Paycheck Protection Program’s limitations prevent small businesses from receiving aid

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Joel C. Bautista | The Ticker

Farah Javed, Copy Chief

Essentially, the program acts as an incentive to keep employees from firing their employees and closing their businesses. With the current unemployment rate at an all time high and continuing to grow, the government is striving to keep employees working.

It is notable, however, that there are exceptions. Businesses in the hospitality industry can apply if they have 500 employees or less per location. Self-employed individuals, gig economy workers and sole proprietorships are also able to apply for a loan.

The Paycheck Protection Program application details that businesses participating in illegal activities including but not limited to“… lobbying, significant gambling (more than 1/3 of your revenue)…live performances of a prurient sexual nature or derive directly or indirectly more than de minimis gross revenue through the sale of products or services, or the presentation of any depictions or displays, of a prurient sexual nature,” are ineligible for a loan as stated by Forbes .

Leading up to its passing, this portion of the CARES Act was viewed as the saving grace that would bailout small businesses. This proved, however, to not be the case.

Applications were set to open April 3 on the Small Business Association’s website. On the evening of April 2, banks were given the rules and regulations that dictated who could receive a loan or not. Given too little time to take in the information, the next day some banks chose to not begin giving out loans. Others only allowed established clients to take out loans, leaving many businesses across the nation scrambling to get a loan, only to be turned away.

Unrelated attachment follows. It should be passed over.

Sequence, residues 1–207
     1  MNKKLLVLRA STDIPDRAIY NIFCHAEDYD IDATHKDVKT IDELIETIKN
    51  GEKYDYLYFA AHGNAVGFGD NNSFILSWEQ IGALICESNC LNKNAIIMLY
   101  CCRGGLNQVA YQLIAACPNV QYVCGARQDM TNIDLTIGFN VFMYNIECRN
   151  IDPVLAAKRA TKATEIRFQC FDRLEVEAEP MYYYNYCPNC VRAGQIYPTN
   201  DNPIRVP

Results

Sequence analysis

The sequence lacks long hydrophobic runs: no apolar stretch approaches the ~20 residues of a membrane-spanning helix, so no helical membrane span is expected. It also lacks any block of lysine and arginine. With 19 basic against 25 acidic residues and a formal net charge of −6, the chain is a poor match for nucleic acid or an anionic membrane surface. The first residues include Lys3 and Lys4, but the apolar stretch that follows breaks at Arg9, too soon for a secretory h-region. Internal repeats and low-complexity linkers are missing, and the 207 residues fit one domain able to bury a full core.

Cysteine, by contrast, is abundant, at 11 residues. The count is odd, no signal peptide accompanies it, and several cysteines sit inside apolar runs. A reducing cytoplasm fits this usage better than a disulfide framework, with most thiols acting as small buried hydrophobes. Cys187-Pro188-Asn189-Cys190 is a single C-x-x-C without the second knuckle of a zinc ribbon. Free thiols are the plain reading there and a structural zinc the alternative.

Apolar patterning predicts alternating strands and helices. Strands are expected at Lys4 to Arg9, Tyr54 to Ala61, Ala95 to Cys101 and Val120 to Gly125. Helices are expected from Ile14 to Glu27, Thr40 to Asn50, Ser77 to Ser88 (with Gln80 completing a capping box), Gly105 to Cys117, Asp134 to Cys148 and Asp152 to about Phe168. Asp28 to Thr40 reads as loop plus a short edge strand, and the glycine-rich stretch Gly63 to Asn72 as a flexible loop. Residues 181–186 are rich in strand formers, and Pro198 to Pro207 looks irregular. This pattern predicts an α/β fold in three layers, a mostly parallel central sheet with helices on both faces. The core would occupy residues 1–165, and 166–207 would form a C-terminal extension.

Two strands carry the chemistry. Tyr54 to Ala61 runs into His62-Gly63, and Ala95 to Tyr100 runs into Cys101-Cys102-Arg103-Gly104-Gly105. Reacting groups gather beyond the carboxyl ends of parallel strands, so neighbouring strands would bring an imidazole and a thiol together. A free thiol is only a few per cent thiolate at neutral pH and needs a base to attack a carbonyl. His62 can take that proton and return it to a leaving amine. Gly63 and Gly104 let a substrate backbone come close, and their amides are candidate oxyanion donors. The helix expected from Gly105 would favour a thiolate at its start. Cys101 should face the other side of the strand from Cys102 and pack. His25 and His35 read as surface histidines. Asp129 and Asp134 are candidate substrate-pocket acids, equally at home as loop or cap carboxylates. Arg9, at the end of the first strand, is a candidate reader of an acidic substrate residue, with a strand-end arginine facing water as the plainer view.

Another issue is that loans are given on a first come, first serve basis. If a business is too slow to apply or cannot find a bank to meet with them, then its chances of getting a loan are slim to none. In fact, by the end of the first day of this program, Bank of America alone reported receiving 85,000 applications requesting $22 billion, according to CNBC. A third problem is that not all businesses benefit from this loan program, but remain in desperate need of a bailout. The Payment Protection Program does allow the allocated money to be spent on whatever a recipient wants. It’s primary focus and usage must be towards paying salaries. Leftover money then may be used towards other expenses.

For businesses that have salaries as their largest expense, a loan would be a godsend. Other businesses face paying rent as their most immediate and taxing problem, which the Payment Protection Program barely covers.

For instance, Posh Boutique, a small women’s clothing store, does not have an extensive payroll bill to foot. Instead, owner Alyssa Nix has to focus on paying her hefty utilities and rent bills in order to stay in business. Where the Paycheck Protection Program fails t o provide her with th e relief she needs, the Economic Injury Disaster Loan does. Though this program is essentially the same as the CARES ACT plan, it only provides up to $10,000.

As economists grow more wary of an imminent recession, businesses are struggling to stay alive. The Paycheck Protection Program was supposed to be the stimulus that would allow employees to continue working, making them able to sustain themselves as well as provide economic growth. Evidently, this program is not the solution business owners wanted.